The Final Price Of The Jay Leno Shuffle: Over $200 Million

[Update: And it's official. Leno will move back to 11:35 p.m. when the Winter Olympics are over at the end of February. Conan's fate is still in flux.]

The LATimes has an interesting piece today chronicling the rise and fall of TV executive Jeff Zucker. Just over half a year ago, Zucker's decision to move Leno into the 10 p.m. slot on NBC was widely regarded as one of the biggest TV bets we'd ever seen. But while Leno might have technically been profitable, NBC clearly failed to take into account their entire TV ecosystem, as Leno completely decimated the ratings of local affiliates. In fact, my local NBC affiliate, WHDH in Boston, almost refused to air Leno outright, but was eventually cowed into submission. Unfortunately, it now looks like they would have been better off striking out on their own.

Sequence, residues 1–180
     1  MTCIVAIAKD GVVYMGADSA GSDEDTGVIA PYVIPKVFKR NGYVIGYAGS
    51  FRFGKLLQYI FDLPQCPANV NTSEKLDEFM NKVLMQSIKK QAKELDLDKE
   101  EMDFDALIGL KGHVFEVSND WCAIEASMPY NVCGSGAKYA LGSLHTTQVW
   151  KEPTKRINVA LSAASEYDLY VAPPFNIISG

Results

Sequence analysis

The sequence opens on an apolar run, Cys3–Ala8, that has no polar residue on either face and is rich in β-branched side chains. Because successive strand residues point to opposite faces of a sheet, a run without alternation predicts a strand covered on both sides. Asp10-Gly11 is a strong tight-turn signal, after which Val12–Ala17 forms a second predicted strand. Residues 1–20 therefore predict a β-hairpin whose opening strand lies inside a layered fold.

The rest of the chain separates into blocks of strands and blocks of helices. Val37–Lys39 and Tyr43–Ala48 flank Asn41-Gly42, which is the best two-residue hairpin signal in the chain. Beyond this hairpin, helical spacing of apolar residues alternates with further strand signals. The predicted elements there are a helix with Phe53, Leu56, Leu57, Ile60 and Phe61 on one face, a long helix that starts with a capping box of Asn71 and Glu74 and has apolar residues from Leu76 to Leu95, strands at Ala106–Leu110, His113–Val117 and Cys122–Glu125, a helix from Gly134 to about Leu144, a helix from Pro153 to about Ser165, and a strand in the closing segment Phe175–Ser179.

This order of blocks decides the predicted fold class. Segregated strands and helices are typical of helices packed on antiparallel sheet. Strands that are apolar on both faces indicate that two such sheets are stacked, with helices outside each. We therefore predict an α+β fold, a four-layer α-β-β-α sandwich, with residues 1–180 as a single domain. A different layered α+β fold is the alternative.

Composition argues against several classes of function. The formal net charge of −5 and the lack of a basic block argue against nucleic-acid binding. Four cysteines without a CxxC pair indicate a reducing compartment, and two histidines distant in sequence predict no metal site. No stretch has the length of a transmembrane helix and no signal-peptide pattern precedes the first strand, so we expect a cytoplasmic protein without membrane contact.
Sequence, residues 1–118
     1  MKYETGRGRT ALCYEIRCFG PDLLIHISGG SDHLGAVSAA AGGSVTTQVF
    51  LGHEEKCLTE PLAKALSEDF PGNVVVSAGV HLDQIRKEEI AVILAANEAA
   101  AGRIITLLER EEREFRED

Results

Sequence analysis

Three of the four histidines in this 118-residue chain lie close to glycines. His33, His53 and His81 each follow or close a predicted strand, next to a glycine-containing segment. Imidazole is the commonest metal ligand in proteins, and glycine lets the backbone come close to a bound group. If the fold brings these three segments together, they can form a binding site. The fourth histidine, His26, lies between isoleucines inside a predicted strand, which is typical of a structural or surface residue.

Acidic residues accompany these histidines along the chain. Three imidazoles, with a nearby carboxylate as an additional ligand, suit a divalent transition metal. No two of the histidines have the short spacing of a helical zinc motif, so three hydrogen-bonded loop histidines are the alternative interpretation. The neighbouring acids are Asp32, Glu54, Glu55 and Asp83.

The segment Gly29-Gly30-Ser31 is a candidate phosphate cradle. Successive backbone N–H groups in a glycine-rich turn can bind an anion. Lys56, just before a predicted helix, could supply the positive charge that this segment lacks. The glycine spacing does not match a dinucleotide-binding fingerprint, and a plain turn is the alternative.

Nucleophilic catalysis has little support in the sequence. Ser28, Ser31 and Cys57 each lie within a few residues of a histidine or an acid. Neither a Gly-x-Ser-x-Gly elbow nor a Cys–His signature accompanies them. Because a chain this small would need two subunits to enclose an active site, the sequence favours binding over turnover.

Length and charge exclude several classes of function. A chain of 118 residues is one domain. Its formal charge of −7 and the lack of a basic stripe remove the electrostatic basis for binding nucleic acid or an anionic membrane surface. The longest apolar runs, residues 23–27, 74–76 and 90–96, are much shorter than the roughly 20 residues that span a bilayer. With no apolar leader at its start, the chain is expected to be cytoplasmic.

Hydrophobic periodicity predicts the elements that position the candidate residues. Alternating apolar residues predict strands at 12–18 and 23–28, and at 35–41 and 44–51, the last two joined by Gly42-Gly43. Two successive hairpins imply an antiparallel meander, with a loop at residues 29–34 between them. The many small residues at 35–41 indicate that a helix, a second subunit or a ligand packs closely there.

With rumors that NBC's entire prime time lineup will be reshuffled, the cost of the entire Leno debacle might end up being quite high. According to the LATimes, "Some veteran TV executives believe the Leno imbroglio could ultimately cost more than $200 million, including the damage inflicted on stations' local newscasts, their ad rates and NBC programs, such as 'Law & Order: Special Victims Unit,' which lost millions of viewers when its time period was changed. They predicted that it could take years for NBC to rebuild." (emphasis added) Consider the $200 million number a back-of-the-envelope guess, but I don't have any problem believing that this whole experiment has been nothing short of a financial disaster.

After the jump, Conan addresses the circulating rumors head on.